Beyond Sourcing on Social Networks: Finally!

Wed, 19 December 2007, 4:36 pm

Scott Allen guest blogged at Six Degrees from Dave the other day about 15 Creative Ways Recruiters Can Use Professional Networking Sites.

The way I see it, any hack can figure out how to type a few keywords and do a search — where it gets really interesting is in all the other things you can use the tools for to grow your business, attract more candidates and differentiate yourself from the thousands of other recruiters out there.

I’m happy that someone is turning the conversation about social networking away from “Does it have better candidates than Monster?” discussions, and its close cousin “How can I use Social networks as background checks?”. I tried 3 years ago to articulate what recruiting would be like when online professional networks became commonplace. I wasn’t smart enough at the time to predict exactly how Linkedin, Facebook, etc could change the dynamic within the recruiting process.

Unfortunately, the media messages and recruitment industry discussion of social networking sites often support these simple questions.

I’m interested in the use of social networking to provide maximum value to candidates. Along those lines, I support the following:

  1. Recruiter profiles should be detailed and specific. The ‘mystery recruiter’ will be increasingly unable to compete against those who have made public their professional and personal credentials. Within the first 5 seconds of any recruiter call, you have already been Googled. If you’ve been hiding from Social Networks, you’ll get the big **click**.
  2. Recruiters should prep candidates. Scott points out that you can send your candidates the profiles of hiring managers. Amen to that. If hiring managers want to know so much about candidates, the least they can do is let them peak into their backgrounds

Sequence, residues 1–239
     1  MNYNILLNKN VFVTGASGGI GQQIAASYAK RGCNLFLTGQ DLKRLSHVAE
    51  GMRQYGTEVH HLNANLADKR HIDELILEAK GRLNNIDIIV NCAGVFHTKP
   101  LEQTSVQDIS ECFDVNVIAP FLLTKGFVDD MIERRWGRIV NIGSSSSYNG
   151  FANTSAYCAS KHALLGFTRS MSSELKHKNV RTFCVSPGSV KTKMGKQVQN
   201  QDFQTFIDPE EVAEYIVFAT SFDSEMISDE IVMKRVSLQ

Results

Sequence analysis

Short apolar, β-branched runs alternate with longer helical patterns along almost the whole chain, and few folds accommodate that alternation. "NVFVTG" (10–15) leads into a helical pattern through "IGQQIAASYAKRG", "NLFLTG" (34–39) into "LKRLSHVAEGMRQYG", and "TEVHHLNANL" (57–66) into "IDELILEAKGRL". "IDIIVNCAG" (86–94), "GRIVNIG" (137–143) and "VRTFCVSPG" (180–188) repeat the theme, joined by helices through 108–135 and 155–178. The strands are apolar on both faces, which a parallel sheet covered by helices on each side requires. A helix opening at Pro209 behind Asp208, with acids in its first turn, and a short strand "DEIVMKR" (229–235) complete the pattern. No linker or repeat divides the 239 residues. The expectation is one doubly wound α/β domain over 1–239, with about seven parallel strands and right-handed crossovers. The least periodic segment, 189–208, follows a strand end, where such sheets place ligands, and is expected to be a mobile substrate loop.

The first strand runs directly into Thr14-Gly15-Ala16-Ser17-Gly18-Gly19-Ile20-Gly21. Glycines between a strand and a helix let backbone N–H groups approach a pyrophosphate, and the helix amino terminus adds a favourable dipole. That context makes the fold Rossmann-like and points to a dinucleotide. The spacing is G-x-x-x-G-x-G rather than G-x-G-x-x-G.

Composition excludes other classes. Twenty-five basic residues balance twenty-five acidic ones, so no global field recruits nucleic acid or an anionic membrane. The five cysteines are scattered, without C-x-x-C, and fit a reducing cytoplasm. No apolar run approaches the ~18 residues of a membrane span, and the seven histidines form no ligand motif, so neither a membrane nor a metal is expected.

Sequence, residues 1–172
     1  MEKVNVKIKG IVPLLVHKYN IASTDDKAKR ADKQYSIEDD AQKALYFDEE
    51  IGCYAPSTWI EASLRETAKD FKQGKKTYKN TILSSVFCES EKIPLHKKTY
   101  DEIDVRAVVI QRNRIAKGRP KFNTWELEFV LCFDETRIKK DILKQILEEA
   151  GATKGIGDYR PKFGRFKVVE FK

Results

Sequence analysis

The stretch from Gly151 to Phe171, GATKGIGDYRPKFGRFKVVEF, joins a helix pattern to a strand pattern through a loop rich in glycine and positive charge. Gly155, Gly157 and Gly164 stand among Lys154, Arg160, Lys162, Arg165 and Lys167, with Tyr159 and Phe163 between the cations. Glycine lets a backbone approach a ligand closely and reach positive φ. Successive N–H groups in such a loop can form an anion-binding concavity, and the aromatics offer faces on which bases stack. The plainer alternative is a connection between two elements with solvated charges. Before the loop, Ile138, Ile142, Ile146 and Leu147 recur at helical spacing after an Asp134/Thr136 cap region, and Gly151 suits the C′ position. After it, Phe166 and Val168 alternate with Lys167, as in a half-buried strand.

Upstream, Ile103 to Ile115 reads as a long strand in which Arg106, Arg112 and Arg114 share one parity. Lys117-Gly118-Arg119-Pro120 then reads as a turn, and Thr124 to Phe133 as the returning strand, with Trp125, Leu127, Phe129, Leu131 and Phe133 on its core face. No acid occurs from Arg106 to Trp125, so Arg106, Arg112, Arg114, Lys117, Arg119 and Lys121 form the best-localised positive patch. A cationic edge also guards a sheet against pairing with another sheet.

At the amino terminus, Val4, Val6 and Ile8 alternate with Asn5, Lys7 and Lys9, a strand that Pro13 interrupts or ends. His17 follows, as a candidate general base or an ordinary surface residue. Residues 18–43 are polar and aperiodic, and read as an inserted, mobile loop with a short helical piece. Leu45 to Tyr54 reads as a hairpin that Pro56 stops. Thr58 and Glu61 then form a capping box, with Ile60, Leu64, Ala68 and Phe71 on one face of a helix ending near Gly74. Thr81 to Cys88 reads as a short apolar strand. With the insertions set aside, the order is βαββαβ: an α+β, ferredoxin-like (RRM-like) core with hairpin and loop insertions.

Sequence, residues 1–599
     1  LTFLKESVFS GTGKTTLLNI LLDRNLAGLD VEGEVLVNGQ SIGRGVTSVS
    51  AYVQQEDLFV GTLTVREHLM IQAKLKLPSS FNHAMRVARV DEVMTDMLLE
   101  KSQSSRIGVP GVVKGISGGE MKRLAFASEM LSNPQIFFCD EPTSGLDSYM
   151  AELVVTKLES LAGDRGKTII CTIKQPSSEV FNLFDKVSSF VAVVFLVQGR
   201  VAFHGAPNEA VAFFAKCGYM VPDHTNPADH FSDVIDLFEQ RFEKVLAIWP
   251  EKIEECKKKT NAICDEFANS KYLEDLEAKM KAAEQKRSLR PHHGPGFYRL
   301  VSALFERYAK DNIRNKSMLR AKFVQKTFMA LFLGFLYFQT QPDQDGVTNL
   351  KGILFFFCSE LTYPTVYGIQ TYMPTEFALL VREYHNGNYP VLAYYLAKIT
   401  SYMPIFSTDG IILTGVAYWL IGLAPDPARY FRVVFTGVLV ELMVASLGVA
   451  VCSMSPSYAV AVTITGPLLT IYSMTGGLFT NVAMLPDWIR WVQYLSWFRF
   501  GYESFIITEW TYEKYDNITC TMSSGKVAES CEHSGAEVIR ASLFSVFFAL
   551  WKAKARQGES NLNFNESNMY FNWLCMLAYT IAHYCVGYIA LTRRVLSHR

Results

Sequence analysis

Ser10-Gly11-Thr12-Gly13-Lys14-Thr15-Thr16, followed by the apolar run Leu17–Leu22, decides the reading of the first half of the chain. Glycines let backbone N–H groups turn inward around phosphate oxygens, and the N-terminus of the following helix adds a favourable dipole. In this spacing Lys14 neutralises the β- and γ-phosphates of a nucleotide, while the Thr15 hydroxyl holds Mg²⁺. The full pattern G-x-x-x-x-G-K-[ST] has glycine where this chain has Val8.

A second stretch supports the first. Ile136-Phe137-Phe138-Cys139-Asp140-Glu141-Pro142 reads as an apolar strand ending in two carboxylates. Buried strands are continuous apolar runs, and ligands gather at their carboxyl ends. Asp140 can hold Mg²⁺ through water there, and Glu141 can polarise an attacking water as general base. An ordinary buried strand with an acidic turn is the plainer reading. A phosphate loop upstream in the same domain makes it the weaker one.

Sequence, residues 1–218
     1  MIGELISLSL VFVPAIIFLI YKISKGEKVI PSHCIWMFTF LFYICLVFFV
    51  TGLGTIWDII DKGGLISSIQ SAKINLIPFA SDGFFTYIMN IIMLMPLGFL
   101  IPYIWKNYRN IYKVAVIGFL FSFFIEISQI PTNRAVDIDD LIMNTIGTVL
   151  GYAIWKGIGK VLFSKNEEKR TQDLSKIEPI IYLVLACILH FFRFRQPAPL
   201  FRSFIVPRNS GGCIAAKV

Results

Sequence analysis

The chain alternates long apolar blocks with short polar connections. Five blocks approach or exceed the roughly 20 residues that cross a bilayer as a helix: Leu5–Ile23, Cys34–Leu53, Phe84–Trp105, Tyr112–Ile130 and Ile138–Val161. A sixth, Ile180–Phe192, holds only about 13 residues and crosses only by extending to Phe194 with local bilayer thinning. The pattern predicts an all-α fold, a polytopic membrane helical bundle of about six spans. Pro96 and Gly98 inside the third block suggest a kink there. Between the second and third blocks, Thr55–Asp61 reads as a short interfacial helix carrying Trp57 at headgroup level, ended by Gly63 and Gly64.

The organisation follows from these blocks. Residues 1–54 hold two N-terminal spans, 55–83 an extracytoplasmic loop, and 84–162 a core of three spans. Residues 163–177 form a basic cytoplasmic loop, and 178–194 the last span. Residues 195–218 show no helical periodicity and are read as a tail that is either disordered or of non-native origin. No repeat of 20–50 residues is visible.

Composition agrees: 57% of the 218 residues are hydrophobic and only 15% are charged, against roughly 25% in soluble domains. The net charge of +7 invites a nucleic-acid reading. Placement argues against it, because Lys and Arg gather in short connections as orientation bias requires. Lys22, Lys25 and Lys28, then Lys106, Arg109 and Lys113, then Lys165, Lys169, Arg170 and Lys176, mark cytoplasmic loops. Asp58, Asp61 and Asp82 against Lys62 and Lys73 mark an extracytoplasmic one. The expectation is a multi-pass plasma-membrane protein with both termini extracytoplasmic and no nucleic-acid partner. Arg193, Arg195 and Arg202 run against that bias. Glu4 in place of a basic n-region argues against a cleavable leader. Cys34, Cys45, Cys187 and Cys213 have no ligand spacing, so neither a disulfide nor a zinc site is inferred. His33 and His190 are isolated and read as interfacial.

3. Recruiters should friend candidates when the time is right. Having a Friending protocol to determine when they should invite candidates to connect will be important. I personally think that right time is after an in-person interview, or a second phone screen. Of course open networkers think differently. Whatever the case, an invitation to a recruiter’s personal network after some rapport has been built is a nice way to say I value you.
  4. Recruiters should spread at least a little knowledge. Candidates should become incrementally smarter as a result of their relationship with a recruiter. A simple way to do this is for recruiters to share what they are learning about with candidates. They can use Del.icio.us or other social bookmarking tools instead of Internet Explorer favorites to save each everything they are reading about their industry. Then they can invite candidates to follow their feed. It’s not a blog, or actively maintained Facebook presence (which is far more time consuming) but at least candidates are deriving value from being connected online.

The time is definitely right to move recruitment away from using online social networks as purely another resume database, or sourcing engine. It is a game changer in bringing networking relationships to the forefront of people’s professional life.

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Posted in: Interactive Marketing for Staffing Firms, Professional Networking
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